In California, the Wilton Rancheria tribe’s plan to build a casino near Kammerer Road and Highway 99’s Grant Line Road exit in Elk Grove is one step closer to becoming a reality after a lawsuit brought by opponents of the casino project was denied by a federal judge last week.

Judge Trevor N. McFadden on Wednesday ruled that federal regulations regarding agency vacancies gave the interim executive at the time authority to issue the land-into-trust decision for the Wilton Rancheria, according to The Sacramento Bee.

Obama administration appointee, Larry Roberts, then-acting Assistant Secretary of Indian Affairs, made the decision in Jan. 2017 that placed just shy of 36 acres into a trust for the tribe. After which time gambling watchdog Stand Up for California! and three Elk Grove residents filed a lawsuit contending that only the interior secretary or assistant secretary for Indian Affairs could sign off on the Jan. 19, 2017 decision.

McFadden wrote, “This case involves a uniquely Washingtonian question: when can a federal employee act in the place of an absent agency or unit head?”

“This issue becomes acute during presidential transitions, when thousands of senior political appointees exit the government, often leaving their positions vacant for months or even years.”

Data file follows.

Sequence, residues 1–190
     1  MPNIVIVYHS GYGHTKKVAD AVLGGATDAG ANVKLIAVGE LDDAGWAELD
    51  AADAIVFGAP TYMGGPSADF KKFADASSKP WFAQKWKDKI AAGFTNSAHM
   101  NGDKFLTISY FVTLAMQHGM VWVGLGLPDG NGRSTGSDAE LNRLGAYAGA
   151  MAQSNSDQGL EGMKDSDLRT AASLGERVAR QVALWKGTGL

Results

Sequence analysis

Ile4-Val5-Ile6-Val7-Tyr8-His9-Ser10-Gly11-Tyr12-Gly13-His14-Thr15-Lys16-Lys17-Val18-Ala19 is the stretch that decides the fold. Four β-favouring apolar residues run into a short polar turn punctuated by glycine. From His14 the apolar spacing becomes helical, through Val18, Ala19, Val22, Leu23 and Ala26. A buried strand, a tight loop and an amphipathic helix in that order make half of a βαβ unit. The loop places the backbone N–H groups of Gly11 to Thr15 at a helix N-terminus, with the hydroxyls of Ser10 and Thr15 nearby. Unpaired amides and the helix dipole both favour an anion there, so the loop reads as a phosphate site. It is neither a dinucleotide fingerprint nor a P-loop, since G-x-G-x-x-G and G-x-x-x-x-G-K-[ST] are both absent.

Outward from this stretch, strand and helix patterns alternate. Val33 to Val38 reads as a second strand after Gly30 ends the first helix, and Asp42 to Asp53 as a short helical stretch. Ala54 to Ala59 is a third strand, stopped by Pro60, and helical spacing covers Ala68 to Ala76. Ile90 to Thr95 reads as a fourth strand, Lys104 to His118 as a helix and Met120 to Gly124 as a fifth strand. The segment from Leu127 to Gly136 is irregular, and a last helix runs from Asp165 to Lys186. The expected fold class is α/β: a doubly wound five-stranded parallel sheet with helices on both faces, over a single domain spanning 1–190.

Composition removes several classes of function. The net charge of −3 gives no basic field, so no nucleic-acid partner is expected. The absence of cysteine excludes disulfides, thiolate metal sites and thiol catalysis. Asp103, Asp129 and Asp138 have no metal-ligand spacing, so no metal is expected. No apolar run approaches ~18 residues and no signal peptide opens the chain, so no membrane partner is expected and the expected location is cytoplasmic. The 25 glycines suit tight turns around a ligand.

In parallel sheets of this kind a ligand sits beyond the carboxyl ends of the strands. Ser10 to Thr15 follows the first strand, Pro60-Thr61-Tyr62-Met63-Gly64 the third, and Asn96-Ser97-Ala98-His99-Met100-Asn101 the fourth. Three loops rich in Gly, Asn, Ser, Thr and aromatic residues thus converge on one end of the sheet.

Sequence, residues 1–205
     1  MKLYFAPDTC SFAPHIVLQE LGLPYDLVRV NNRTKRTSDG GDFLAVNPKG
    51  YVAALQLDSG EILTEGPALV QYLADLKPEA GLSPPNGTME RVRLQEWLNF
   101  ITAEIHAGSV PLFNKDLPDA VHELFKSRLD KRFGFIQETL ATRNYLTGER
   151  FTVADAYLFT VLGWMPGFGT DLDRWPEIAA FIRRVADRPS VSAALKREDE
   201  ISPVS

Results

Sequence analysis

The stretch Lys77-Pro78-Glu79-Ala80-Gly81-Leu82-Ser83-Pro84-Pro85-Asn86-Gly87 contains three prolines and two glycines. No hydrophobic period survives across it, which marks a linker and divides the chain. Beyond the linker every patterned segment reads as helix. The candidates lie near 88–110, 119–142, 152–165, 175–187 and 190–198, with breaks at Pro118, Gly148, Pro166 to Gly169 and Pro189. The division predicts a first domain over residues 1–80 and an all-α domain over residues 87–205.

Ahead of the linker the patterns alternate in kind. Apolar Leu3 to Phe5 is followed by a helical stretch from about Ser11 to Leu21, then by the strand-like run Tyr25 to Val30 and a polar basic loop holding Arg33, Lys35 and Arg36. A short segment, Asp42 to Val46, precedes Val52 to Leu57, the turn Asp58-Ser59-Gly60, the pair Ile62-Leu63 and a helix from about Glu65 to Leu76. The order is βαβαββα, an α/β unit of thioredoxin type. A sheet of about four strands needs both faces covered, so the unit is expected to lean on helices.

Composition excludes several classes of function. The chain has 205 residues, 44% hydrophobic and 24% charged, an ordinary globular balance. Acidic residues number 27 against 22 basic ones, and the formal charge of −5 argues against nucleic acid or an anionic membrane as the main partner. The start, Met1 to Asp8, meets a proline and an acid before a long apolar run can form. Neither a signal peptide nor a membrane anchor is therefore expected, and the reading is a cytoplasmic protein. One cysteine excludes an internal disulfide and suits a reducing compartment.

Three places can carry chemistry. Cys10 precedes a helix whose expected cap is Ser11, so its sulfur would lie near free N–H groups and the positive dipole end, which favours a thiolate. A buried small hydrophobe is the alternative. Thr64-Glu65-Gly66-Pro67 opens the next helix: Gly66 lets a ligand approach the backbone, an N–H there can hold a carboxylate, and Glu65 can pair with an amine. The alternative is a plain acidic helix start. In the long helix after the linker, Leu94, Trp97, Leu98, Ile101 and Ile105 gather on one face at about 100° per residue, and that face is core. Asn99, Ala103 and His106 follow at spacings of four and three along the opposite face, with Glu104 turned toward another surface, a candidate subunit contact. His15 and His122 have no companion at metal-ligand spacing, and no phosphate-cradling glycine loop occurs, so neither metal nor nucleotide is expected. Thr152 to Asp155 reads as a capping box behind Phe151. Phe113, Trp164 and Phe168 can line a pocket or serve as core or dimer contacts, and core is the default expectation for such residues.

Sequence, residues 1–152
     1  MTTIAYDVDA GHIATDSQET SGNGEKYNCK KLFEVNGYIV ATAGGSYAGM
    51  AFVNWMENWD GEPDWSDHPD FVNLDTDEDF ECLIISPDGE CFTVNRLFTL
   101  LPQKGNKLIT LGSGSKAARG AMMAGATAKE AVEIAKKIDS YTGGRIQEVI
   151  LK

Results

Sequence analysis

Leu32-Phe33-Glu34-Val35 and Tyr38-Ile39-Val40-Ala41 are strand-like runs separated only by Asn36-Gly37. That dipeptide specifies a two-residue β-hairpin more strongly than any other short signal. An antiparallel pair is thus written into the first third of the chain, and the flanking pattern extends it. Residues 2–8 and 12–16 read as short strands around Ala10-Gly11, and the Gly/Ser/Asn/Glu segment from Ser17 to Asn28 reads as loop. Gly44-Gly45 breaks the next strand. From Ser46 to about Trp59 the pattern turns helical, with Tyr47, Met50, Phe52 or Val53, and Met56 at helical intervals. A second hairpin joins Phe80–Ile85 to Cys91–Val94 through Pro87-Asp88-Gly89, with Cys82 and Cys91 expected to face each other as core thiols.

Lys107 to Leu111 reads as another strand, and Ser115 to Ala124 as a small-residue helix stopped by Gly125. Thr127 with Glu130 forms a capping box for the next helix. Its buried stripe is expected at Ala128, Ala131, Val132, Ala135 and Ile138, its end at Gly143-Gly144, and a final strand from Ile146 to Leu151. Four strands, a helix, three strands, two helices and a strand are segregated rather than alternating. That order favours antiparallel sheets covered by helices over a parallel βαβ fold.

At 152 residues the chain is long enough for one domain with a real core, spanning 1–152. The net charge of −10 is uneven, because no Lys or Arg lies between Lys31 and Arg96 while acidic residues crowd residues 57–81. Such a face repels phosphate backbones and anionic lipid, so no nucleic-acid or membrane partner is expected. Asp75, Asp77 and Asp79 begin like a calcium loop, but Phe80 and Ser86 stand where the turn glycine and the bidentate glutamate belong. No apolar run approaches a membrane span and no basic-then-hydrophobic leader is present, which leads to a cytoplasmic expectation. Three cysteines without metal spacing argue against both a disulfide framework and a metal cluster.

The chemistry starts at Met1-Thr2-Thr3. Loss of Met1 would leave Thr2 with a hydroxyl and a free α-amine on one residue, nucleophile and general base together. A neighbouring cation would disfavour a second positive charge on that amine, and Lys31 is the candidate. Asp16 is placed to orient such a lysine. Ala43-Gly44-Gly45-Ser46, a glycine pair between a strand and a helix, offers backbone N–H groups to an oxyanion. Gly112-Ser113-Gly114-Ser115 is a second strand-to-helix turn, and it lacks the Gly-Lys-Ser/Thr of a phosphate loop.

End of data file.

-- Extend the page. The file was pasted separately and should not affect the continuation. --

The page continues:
The land-into-trust decision was celebrated by the Wilton Rancheria.

Raymond “Chuckie” Hitchcock, Chairman of the Wilton Racheria, said in a news release, “I’m very excited of the outcome. It just solidifies what I’ve known all along, in that the land is in trust and the decision is final.”

The judge’s ruling was referred to by Hitchcock as “another big step in the right direction” for the construction of the casino-resort moving forward.

According to the news release, the tribe is still maintaining its plan to either begin demolition or to break ground for the proposed $500 million project this spring or summer.

Hitchcock reportedly said that in a “best case scenario” in June 2020, the Wilton Rancheria could open the casino resort.

Also commenting on McFadden’s decision, Cheryl Schmit, director of the Stand Up group said, “The case is far from over, and we’ll be before the same judge again.”

“So, there’s no need for anybody to celebrate or be discouraged at this point in time. There’s still a long way to go.”

“We’re going to amend our brief and file on all the merits of our case, including the one that just got denied,” said Schmit.

Commenting on the lawsuits, Hitchcock said: “They find anything that they can to slap frivolous lawsuits against the tribe.”

“It costs us hundreds of thousands of dollars to defend these court cases that try to slow our ability to be a sovereign government and have an economic development,” he said.

The Wilton Rancheria along with Las Vegas-based financing partner Boyd Gaming Corp. purchased the acreage for the 600,000-square-foot project in February last year. The 758-member Elk Grove-based tribe’s plan is to develop the facility on the 35.9 acres at the site of an unfinished shopping mall situated at the south end of the city. The Dallas-based Howard Hughes Corp., is developing the mall called The Outlet Collection at Elk Grove.

The casino would reportedly include 110,000 square feet of gaming, a 302-room and suite hotel tower, restaurants including fine dining, a spa and fitness area and a convention enter.

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